The SDGs fail to offer the new economy we so desperately need
In order to solve poverty and ecological crisis we need to tackle the irrationality of endless growth head on, argues Jason Hickel.The Sustainable Development Goals (SDGs) are widely criticized for being too complex. The Goals’ supporters, on the other hand, argue that they are complex because poverty is a complicated, structural problem. In order to eliminate poverty you need much more than charity: you need to reduce inequality, combat climate change, strengthen labour rights, eliminate Western agricultural subsidies, and so on. And they’re right.
But the SDGs will ultimately fail to make good on this promise, because they suffer a profound contradiction at their very center.
The Zero Draft points to the necessity of achieving ‘harmony with nature’ and ‘sustainable patterns of production and consumption.’ The goals demand a halt to the loss of biodiversity, and an end to overfishing, deforestation, and desertification. All of this reflects an awareness that something about our economic system has gone terribly awry – that the mandatory pursuit of endless material growth is chewing through our living planet, and producing poverty at a rapid rate.
On the other hand, the SDG’s strategy for development relies precisely on the old model of endless GDP growth. They call for more than 7 per cent annual growth in least developed countries and higher economic productivity across the board. A whole goal, Goal 8, is devoted entirely to growth.
In other words, the SDGs call for both less and more at the same time. How can they expect to succeed with such a profound contradiction at their root? It’s true that Goal 8 is peppered with qualifications: the growth should be ‘inclusive’, should promote decent work, and we should ‘endeavor’ to decouple growth from environmental degradation. But these are vague to the point of being meaningless; the real message that shines through is that GDP growth is all that ultimately matters.
Right now global production and consumption levels are overshooting our planet’s capacity by about 50 per cent each year. In the face of this monumental crisis the SDGs offer cowardly suggestions: they propose to reduce food waste, make resource use more ‘efficient,’ and – this one really gets me – ‘encourage’ multinational companies to adopt sustainable practices. In other words, they explicitly avoid calling for reduced consumption.
The Zero Draft sees growth as the solution to poverty. This is strange, given that GDP growth does not benefit the poor – or the majority of humanity, for that matter. Of all the income generated by global GDP growth, the poorest 60 per cent of humanity receive only 5 per cent of it. At this rate, to eliminate poverty we will have to grow the global economy by 175 times its present size, which would of course set off catastrophic climate change. That is how deep the contradictions run, yet the SDGs indicate no awareness of this glaring flaw.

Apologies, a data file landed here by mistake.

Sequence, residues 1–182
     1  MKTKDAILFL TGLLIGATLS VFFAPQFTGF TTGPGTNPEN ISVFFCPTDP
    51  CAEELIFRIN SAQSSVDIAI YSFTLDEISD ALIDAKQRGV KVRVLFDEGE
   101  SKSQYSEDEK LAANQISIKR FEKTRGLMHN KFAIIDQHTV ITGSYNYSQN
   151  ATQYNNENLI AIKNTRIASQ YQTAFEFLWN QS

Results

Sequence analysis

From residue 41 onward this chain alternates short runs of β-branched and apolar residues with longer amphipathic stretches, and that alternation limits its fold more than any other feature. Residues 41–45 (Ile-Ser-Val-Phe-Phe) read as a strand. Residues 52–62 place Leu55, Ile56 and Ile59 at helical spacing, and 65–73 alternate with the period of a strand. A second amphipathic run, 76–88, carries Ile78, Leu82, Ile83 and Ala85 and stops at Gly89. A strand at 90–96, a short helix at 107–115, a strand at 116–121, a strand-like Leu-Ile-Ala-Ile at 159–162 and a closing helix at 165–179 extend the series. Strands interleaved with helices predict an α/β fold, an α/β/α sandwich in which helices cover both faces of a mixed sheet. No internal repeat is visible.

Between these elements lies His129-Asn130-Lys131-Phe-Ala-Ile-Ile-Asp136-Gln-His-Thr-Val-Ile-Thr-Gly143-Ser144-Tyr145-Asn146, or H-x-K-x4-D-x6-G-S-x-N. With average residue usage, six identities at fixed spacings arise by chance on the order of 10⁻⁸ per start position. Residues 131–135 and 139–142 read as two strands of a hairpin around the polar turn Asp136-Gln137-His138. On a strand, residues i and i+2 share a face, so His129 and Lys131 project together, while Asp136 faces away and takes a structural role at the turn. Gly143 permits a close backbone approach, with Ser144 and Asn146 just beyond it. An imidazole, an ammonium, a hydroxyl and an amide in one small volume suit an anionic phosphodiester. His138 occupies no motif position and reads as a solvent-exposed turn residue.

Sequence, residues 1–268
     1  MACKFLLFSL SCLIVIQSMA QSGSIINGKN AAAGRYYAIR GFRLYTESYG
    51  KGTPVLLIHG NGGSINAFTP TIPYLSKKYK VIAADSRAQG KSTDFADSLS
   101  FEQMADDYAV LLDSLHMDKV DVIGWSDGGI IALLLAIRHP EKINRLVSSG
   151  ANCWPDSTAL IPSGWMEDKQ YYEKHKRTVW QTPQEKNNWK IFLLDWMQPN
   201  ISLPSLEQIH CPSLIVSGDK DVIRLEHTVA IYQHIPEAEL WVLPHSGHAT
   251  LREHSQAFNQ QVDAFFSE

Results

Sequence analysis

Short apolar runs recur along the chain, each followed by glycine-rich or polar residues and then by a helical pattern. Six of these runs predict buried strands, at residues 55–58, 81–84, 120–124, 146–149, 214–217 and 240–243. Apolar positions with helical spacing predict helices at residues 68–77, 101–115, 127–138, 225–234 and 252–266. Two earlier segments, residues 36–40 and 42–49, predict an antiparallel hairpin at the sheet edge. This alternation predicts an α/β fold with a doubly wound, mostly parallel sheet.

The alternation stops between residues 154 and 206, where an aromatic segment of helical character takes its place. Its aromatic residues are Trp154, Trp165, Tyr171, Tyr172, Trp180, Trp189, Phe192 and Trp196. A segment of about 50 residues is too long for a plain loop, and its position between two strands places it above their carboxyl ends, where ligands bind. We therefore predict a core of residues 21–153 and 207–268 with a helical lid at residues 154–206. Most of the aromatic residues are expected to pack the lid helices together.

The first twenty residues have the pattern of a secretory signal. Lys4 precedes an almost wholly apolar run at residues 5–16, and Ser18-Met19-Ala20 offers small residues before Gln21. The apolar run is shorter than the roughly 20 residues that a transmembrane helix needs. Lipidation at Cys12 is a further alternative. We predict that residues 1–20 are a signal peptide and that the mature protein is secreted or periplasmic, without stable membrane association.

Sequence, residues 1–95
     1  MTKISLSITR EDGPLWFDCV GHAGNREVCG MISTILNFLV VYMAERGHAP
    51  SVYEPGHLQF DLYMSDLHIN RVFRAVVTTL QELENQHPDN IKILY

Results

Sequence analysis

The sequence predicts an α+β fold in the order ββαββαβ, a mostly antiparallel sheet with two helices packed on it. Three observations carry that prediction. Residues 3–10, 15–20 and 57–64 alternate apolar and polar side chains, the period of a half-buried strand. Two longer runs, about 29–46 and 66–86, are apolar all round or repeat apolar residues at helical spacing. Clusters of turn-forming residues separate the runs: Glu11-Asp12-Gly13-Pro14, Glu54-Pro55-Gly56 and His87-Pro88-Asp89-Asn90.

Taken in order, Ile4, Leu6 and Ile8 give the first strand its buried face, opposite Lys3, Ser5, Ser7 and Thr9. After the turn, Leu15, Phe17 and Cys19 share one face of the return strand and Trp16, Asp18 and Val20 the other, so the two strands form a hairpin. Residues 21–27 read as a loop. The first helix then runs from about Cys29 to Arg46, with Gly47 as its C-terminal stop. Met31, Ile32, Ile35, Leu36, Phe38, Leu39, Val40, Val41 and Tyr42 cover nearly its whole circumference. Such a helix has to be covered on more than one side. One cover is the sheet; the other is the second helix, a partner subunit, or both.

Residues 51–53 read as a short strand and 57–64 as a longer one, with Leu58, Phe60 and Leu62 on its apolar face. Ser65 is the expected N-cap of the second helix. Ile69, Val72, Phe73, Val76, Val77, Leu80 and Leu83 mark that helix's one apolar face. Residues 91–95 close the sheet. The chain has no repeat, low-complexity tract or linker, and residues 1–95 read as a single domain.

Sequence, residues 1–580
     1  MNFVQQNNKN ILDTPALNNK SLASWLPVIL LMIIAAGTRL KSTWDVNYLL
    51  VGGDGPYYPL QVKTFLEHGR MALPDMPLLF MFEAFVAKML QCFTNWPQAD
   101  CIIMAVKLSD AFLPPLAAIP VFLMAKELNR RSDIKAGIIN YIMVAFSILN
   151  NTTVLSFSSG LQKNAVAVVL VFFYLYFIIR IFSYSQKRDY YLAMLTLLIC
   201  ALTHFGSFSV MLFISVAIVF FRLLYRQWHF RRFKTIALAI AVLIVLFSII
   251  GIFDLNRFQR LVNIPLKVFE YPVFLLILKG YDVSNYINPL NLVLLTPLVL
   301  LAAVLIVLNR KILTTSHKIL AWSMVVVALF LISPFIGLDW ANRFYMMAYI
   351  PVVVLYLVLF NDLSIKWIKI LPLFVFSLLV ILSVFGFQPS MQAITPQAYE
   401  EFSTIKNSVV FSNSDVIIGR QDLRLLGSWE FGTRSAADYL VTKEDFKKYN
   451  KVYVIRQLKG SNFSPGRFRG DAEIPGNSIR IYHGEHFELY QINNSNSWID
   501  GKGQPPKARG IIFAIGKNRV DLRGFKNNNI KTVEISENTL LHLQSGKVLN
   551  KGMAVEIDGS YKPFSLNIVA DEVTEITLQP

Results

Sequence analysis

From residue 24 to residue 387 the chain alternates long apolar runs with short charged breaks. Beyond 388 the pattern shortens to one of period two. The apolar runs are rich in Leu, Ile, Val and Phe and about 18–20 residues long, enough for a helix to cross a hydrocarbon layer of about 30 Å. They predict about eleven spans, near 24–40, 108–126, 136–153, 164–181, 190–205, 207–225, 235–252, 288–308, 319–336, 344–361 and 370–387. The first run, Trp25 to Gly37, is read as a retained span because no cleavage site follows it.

They do, however, call for income growth for the bottom 40 per cent at a rate higher than the overall average. This would theoretically speed the process of poverty reduction. But let’s imagine that poor countries do manage to grow to the point of matching today’s high-income countries; the aggregate production and consumption that this would entail would require at least 3.4 Earths, and that is assuming that the already high income countries do not grow above their present level. Clearly there is nothing ‘sustainable’ about this.
The best of both worlds
The SDGs want to reduce inequality by ratcheting the poor up, but while leaving the wealth and power of the global 1 per cent intact. They want the best of both worlds. They refuse to accept that mass impoverishment (and ecological crisis) is the product of extreme wealth accumulation and overconsumption. We can’t solve the first without challenging the second. If we want to be serious about creating a fair, sustainable economy, the rich are going to have to feel the pinch – and we need to have the courage to say so.
What we need is to tackle the irrationality of endless GDP growth head on, pointing out that it is not the solution our present crisis, but the primary cause. We need a saner measure of human progress – one that gears us not toward more extraction and consumption by the world’s elite, but more fairness, more wellbeing, more sharing, to the benefit of the vast majority of humanity.
This is not a trivial matter. It cuts to the very core of our predicament. As the world’s governments prepare to finalize the SDGs in September, we should be clear that without this vital change these goals do not represent the future we want.